Craig and Laura Decker seem to have a difficult time making up their minds. They also seem to have a knack for turning this indecisiveness into an advantage at every turn. When it came to opening their new business, for example, they briefly wondered whether it should feature a wine shop, a wine bar, or a gourmet bistro. Their solution? All three.
This spirit of inclusivity pervades W.G. Kitchen & Bar, a Wine Guy company, where the Deckers pair seasonal wine varietals with globally inspired cuisine. Rather than choose between European elegance and New-American pizzazz, they settled on a compromise they describe as “Old World chic.” This label suits a menu that features small plates of housemade meatballs and bruschetta alongside assorted cheeses from around the world. The focus on small plates is in keeping with the Deckers’ have-it-all mentality and gives diners the option to sample several dishes without having to barter with adjacent tables.
In 1939, James Clark bought Belmont Pharmacy, where he had worked as store pharmacist. His son, James Clark Jr., followed him into the business, and eventually the enthusiastic, dedicated family began opening additional branches. Today, a third-generation Clark, Tim, oversees the operation of the eight locations.
Each location mingles old-fashioned corner-store friendliness with modern health-care tools. Medical equipment, such as lift chairs and canes, ease home life, as do prescription medications that can be delivered by a friendly staff member. The Huber Heights location also has a compounding pharmacy, in which highly trained workers customize prescriptions to individual needs, combining multiple medications into a single dosage, adding kid-friendly flavors, or carving each pill into the shape of a white blood cell.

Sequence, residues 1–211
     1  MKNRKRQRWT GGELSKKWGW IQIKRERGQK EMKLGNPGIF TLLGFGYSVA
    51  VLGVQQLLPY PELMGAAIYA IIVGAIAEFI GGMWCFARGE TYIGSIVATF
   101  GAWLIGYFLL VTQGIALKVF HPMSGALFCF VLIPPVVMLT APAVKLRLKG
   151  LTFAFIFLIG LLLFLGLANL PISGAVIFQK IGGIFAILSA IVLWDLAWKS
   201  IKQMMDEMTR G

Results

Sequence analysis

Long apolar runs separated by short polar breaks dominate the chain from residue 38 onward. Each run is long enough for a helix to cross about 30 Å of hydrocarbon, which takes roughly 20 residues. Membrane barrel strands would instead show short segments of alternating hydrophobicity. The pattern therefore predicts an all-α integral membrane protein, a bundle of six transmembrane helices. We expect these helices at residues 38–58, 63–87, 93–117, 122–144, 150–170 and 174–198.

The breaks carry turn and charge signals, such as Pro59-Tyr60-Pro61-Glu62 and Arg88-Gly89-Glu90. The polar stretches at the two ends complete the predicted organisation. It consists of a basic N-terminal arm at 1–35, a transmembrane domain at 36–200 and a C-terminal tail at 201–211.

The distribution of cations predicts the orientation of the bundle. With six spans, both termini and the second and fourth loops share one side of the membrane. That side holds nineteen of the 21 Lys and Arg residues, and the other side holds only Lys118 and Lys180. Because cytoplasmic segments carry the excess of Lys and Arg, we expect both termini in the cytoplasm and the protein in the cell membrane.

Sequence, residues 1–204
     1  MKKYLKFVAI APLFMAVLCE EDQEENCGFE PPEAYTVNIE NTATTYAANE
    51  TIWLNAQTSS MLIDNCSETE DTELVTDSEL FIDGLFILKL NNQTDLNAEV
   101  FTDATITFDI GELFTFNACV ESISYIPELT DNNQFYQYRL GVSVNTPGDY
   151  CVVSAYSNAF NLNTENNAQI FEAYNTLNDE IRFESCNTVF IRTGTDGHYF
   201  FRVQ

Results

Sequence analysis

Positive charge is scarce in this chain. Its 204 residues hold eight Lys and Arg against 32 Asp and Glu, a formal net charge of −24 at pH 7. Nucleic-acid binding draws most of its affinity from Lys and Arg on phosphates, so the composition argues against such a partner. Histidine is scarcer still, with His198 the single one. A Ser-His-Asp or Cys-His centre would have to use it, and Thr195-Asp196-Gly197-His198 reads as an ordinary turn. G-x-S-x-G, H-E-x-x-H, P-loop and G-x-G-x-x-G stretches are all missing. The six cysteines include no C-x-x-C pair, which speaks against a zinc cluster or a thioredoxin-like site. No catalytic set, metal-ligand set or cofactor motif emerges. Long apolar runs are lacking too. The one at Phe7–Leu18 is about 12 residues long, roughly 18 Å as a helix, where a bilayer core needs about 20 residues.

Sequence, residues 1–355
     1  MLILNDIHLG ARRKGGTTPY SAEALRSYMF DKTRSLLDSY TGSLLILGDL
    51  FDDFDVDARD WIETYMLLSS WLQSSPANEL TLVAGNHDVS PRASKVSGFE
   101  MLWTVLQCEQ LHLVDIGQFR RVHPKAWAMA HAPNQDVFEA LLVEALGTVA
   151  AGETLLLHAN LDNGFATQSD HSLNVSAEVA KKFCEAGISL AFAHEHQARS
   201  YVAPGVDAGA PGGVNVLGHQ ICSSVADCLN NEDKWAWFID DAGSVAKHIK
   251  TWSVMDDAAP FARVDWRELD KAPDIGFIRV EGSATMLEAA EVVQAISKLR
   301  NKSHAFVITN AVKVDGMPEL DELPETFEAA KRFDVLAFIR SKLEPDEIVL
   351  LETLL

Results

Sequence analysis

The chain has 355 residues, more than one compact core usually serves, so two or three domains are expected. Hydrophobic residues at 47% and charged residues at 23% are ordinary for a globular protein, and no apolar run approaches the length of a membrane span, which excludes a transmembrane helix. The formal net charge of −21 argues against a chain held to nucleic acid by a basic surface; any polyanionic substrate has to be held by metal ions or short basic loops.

BlastZone Paintball's 20 acres of outdoor playfields incorporate the area's dense trees and open fields. Across six wooded courses, fallen branches, trails, and leaves set the stage for stealthy play, and a speedball field fosters quicker games. As colorful barrages fly, BlastZone's safety equipment absorbs the shots and protects the body from welts or hail damage. Away from the paint-covered battlefield, certified techs man an on-site gear shop. A free-to-use grill cooks up visitors' brought-from-home eats, which they can nibble at a covered picnic area.
Sacksteder's Interiors brings 20 years of experience and two locations to aid you in the endless struggle to maintain a pleasant living space. Sacksteder's eclectic selection is constantly rotating so finding the right puzzle piece that completes a room is easy, no matter if you're aiming for a traditional, transitional, or European look. Offering a comprehensive selection of accessories, the knowledgeable staff will aid you in finding that perfect something that will perfectly accent the individuality of each room of the house. Accessorize your walls with clocks ($25–$200) and frames ($15¬–$40), or arrive at a picky-homeowner's housewarming with the perfect wine stoppers ($10–$35) or candlesticks ($25–$50 per stick). Adorn the harder-to-furnish large home with sizable pieces of art and substantially sized furniture. Reanimate the cobwebby corners of your home with a customized floral arrangement.
Train hobbyist Don Oeters founded EnterTRAINment Junction in 2008 to showcase railroading in an educational and amusing way. Two years later, his 80,000-square-foot facility was voted Ohio's Best Family Entertainment Center of 2010.
At the centerpiece, a 25,000-square-foot indoor model train display dazzles visitors with 90 G-scale trains and 2 miles of track winding through handcrafted landscapes, including an 11-foot waterfall, thousands of trees, and scenes documenting railroad's early, middle, and modern periods. Each train car is the size of a loaf of bread, making it easier for groups to see it or break it into communal pieces, and Oeters and his staff continually tweak the locomotive's surroundings by adding seasonal touches and installing minor or major updates. Historical train artifacts, educational videos, and interactive exhibits await amblers in the railroad museum, and the Imagination Junction kids' area entertains youngsters with train-themed play structures, hand-cranked and electronic locomotive rides, and a section dedicated to Thomas the Tank Engine, the first train to successfully learn sign language.